We figured out how to calculate repeat purchase rate by SKU for Amazon. So in terms of customer data, the data is different and the data that you focus on, Amazon's a little more vaulty. You can't do some of the time of day segmenting that you can on Google, you can't do some of the lookalike audience stuff you can do on social. But they're slowly loosening up, and the analytics engine that they use is starting to give you more data. It's called ARA Premium. But in the last couple years, we've seen that data migrate from being a vendor-only side platform, and now they've opened that up and you can use it on the seller side too. I wouldn't say they're perfect, but I think they're realizing that if they want to continue to attract more marketing dollars, then they're going to have to give digital marketers more data to work with.

Vasa: (17:18)
I don't want to sound like I'm poo-pooing on Amazon at all. I will say that when you perform on Amazon, it's super helpful as qualitative data for retail support. If you're the number one toothpaste or the number one beverage or number one anything on Amazon in any category, it's always helpful for some buyer in retail to see and give that social proof. So big fan of that.

Vasa: (17:43)
We mentioned a few tools so far on this call, and I'm sure people are rewinding and trying to figure out what they are. Without giving up your secret sauce, Jed, aside from SmartScout and ManageByStats, you mentioned a third one right now. I didn't catch it. What are a couple tools that people can plug in today and help them out moving forward on their Amazon strategy, aside from calling Pirawna and saying, "Hey, give us the good stuff."?

Jed: (18:06)
Yeah, I mean, the most influential business book that I've read in the last 12 months is Principles by Ray Dalio. So I would say before you go to the tools, go read that book, because to me, you want to boil what you learned down into principles, and then use tools to support it.

Jed: (18:24)
The tool that I mentioned was ARA Premium, or Brand Analytics, as it's known now. That's a tool within Amazon that people really don't utilize, especially customer search term reports, the demographic analysis, breakdown by state.

Jed: (18:42)
We built our analytics engine off of Domo. So we built some custom KPIs and custom analytics. We built a custom dashboard for every client. But I think if you're not using a tool like Domo or Tableau to build out custom analytics and tying to the API, then you're just leaving insights on the table. And to me, data is only valuable insofar as you take action off of it. Like, "So what?" So you can see that your repeat purchase rate for that SKU is 8%. So what do you do about it? Right? That's where I think it really gets valuable.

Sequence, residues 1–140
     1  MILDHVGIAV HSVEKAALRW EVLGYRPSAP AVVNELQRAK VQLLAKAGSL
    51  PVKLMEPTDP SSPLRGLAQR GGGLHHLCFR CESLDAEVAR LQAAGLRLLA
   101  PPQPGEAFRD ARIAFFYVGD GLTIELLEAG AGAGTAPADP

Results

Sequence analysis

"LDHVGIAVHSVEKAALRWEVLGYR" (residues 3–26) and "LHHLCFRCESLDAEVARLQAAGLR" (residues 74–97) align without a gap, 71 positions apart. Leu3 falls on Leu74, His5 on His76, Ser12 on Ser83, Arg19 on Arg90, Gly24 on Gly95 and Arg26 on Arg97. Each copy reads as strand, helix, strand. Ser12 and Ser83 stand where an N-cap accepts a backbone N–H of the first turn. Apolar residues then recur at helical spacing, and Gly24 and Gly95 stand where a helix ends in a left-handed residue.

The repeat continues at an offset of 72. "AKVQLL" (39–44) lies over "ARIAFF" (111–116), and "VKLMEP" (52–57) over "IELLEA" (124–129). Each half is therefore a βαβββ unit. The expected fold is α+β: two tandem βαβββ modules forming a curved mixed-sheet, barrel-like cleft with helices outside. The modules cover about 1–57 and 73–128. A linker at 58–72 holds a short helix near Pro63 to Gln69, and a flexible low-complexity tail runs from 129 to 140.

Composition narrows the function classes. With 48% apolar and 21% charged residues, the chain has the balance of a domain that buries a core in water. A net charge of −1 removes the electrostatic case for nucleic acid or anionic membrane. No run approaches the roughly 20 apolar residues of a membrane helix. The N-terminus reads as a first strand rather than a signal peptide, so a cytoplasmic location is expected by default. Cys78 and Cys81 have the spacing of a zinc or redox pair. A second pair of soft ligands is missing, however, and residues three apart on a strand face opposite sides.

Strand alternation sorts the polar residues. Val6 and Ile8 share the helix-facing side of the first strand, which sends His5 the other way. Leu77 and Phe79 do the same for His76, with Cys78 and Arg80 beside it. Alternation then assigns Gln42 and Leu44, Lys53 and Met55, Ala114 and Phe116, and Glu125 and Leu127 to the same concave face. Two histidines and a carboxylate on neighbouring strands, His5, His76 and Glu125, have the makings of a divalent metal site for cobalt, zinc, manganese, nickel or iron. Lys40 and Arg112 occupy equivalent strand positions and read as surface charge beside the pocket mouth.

Jed: (19:19)
A good example of this is we can calculate lifetime customer value on Amazon, and then we can also see repeat purchase rate by SKU by month. So we know that... A good example is we have someone that does a lot in cauliflower stuff and plays in the keto space. We know that January is the best month of the year for customer acquisition. But we also know, from the data, that we should ramp that two weeks before. So mid-December, we're aggressively ramping up our customer acquisition so that first week of January, we're not going head to head with every other keto brand spending out there. It doesn't sound like that big of a deal, but aggressively acquiring customers in the grocery category two weeks before everybody else, you're able to get a jump on things and get a better ROI and a better return on ad spend, and that's really what it's all about.

Vasa: (20:15)
Jed, you said a three letter acronym that... I call it the unicorn, and I say that if you ask 1,000 people how they calculate it, you're going to get 999 different answers. Lifetime value. I don't want to know your formula, I don't want you to give up your secret sauce, but lifetime value on Amazon. What are some ways people can think about that from top line sales to bottom line, to profit? Which way are you looking at it and which way's the best way?

Jed: (20:50)
Well, the short answer is... And there'll be one person that listens to this, rewinds it, figures this out. But on Seller Central, you can download the transaction report and then you can run a pivot table and deduplicate the data. That essentially tells you who your repeat purchasers are. The limitation is Amazon Seller Central will only go back two years. So you have to be archiving data beyond two years, or you're going to know it's limited to just the last couple of years. Which it still gives you valuable insight.

Jed: (21:24)
Most of the time when we calculate lifetime customer value, there's an asterisk of it's just the last three years, the last five years, the last two years. The way that it changes your marketing is if you know that a repeat customer is five times more valuable than a first-time customer.

Jed: (21:42)
For example, at Quest, we had people who somebody ran an ad eight years ago or seven years ago or five years ago, and they had come back and bought every other month, right, for five years and we'd made $8,000 or $10,000 off of them. If you understand the lifetime of that sort of value, then it allows you and enables you to spend more on your customer acquisition costs and spend more to acquire those repeat customers. When you have a strong repeat purchase rate, then you can spend more in marketing, ramp up revenue, then back off on the marketing, and coast on your repeat purchase rate to dial in the profitability.

Jed: (22:15)